Saturday, 30 June 2007

Oh, The Inanity!

Have you ever noticed how the people who talk the most are often the ones with the least to say? I’m talking specifically about those who faithfully relate the minutiae of their daily existence as if each inconsequential detail is a pebble on the path to Nirvana, and who subscribe to the notion that ‘everyone is entitled to my own opinion.’ Such are my husband’s family.

Ever since, at only our second meeting, my mother-in-law blithely spoke right over the top of me and my father-in-law blustered scandalously on about A-rabs, Nips, Chinks, and Abos, I gave up trying to converse with them in anything but the sparest fashion. Like squealing in fright at a trench-coated flasher, it only encourages the undesirable behaviour. Now every enforced visit sees me hunkered down in the ‘I must supervise my two small children!’ foxhole, trying to avoid the barrage of outrageously offensive remarks and slow-mo replays of the week’s non-events.

“How heavy d’you reckon this chair is?” my father-in-law might ask as he brings an ordinary wooden dining chair out of the spare room. “Much heavier than it looks!” he will answer himself triumphantly before Mr. Lonie and I can formulate some reply other than a quizzical “Umm…?”

“It’s had about seven coats of paint since we bought it!” f-i-l will then enthuse, undeterred by our glazed expressions, before listing each colour it’s been, from white, to cream, to bone, to beige, to every shade Richie Benaud has ever worn.

Or: “She is my oldest and dearest friend!” my mother-in-law might gush with what she probably believes is sincerity about the woman who just made her lucky escape from the House of Blather. “But hasn’t she gotten fat! She’s absolutely huge! She must have gained at least 140 pounds since I knew her as a girl. I wonder she travels so much, how does she possibly fit in the aeroplane seat? She must need to pay for two tickets and have the armrest up. If she lost a bit of weight she might finally find herself a husband…”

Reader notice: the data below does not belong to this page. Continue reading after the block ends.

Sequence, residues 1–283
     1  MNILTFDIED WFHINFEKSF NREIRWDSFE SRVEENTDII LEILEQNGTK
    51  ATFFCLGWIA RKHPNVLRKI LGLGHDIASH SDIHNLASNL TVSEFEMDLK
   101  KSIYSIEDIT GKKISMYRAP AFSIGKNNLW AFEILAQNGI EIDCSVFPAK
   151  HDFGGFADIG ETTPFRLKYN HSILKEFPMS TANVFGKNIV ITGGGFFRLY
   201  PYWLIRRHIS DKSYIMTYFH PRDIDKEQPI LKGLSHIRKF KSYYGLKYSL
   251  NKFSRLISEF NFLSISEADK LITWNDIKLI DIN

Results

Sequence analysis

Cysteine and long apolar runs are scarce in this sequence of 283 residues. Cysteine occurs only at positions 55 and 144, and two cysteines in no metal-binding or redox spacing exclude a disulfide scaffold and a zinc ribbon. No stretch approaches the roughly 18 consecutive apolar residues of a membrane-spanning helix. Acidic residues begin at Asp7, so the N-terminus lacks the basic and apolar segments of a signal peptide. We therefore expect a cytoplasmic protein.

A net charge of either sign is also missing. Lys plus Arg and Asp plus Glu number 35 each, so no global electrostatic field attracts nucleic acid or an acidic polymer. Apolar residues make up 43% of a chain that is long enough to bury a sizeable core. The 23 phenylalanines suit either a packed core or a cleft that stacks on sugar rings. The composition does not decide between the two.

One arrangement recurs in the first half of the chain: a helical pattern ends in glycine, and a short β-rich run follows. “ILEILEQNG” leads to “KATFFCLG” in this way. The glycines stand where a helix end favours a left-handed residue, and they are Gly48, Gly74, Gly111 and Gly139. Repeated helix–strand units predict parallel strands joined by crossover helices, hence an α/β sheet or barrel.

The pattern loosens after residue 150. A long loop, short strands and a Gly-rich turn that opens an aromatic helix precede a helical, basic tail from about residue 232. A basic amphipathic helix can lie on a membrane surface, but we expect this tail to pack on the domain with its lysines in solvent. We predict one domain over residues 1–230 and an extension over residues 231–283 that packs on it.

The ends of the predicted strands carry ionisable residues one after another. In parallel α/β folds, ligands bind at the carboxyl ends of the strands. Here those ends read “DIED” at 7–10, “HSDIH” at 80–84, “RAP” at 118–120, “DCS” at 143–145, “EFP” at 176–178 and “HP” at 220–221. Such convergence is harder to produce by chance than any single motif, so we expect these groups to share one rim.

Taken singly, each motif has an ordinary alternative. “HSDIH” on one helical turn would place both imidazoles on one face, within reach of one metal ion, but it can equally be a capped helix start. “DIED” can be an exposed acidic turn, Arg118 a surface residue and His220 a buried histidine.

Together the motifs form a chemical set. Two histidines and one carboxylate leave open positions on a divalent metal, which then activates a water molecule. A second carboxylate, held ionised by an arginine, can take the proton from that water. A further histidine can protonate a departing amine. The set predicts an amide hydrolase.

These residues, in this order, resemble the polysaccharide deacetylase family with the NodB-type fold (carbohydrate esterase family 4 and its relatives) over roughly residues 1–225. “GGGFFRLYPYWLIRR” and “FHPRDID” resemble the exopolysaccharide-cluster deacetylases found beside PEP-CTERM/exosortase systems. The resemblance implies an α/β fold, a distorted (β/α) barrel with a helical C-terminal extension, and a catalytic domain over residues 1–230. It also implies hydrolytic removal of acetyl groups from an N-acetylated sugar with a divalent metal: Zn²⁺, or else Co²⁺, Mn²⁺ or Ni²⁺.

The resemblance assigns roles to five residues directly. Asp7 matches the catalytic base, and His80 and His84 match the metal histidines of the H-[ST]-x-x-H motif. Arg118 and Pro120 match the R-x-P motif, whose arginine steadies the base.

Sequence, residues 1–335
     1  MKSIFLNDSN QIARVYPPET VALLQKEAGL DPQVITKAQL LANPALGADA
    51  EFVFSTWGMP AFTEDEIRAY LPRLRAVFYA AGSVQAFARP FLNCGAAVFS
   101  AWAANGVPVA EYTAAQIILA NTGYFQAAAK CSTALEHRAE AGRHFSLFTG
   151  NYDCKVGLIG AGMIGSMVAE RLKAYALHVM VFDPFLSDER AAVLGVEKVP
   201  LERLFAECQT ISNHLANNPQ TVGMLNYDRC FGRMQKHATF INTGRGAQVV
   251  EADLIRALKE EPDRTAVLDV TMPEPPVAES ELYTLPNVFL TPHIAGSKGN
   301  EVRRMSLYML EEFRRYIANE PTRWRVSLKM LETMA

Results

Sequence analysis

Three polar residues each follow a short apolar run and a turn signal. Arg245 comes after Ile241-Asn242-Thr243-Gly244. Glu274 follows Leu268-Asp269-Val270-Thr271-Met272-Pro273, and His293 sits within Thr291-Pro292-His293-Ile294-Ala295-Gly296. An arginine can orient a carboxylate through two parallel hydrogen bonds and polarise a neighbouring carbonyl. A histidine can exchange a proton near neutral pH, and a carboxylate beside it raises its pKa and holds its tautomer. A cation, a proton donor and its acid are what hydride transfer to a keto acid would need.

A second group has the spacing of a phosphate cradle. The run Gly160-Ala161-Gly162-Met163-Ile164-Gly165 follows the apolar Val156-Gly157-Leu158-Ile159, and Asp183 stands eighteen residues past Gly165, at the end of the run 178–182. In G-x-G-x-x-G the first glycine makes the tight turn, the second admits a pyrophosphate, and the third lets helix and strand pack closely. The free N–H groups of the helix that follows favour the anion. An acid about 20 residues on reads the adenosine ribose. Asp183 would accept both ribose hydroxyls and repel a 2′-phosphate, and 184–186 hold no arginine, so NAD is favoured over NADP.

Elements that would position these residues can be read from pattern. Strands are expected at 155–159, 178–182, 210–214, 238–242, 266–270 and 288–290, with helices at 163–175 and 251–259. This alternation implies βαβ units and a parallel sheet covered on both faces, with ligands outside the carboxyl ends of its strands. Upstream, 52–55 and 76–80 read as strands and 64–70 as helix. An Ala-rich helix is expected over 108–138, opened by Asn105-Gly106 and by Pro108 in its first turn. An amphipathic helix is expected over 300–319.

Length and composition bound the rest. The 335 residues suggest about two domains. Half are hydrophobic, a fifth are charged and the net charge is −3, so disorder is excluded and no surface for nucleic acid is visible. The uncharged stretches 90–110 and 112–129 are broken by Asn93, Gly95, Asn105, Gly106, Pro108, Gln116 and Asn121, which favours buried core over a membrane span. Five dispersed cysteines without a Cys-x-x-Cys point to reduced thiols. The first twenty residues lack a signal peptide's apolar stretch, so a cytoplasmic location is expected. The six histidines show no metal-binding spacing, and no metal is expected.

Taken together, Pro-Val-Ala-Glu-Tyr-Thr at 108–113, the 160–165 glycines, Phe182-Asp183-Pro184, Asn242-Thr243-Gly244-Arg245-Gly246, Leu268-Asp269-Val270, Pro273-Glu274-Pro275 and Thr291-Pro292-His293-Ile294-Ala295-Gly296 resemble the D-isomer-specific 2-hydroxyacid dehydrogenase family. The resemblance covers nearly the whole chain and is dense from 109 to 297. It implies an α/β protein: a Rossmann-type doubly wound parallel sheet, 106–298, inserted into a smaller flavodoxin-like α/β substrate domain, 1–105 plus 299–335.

I’m not averse to a bit of histrionic hyperbole in the name of humour and fun, but sadly I’m not exaggerating here, although a lapse into shameless excess would be entirely understandable after a few captive hours in their company. Over the next retellings (of which there will be many), seven coats of paint will become fifteen, and 140 pounds will become 250. The chilly wind on the holiday they took five years ago is now a raging tempest which threatened to induce fatal hypothermia, and the hour at which a boy-Mr. Lonie woke them on Christmas morning is no longer six o’clock but three.

In my weaker moments, usually when I’ve managed to secure more than a few days without having to resort to sub-conscious defensive hunching and attempted selective deafness, I almost feel sorry for my in-laws. With a rare flash of perspicacity I know their small-minded gossip and prating comes from ignorance and – to put it as bluntly as the metaphorical tools-in-the-shed they are: stupidity. Their unabashed exaggerations are a placebo for their sense of inferiority instilled in them by parents which, from all I’ve heard, I can’t help but be glad I never had to meet. Deep down they think, I believe, that surely no-one will deign to bestow their notice, let alone listen to what they have to say, without the promise of thrilling tales and spontaneous-gasp-inducing statistics, and that’s why they practise this twisted form of self-aggrandisement.

The regrettable thing is, it doesn’t have to be this way. I’d much prefer to hear about f-i-l’s varied employment as stockman, RAAF officer, and murderer-catching policeman, but instead I must grit my teeth through parroted recitations of every right-leaning article he’s read in the paper during the week, styled as his own thoughts and conclusions. M-i-l would find me a ready listener were she to recount her youthful days as a news-making daredevil skydiver, but she’d rather engage in pointless quibbling with f-i-l about whether an uninteresting drive to somewhere I’d never care to visit ended at 11:05 or ‘much later!’ at 11:15.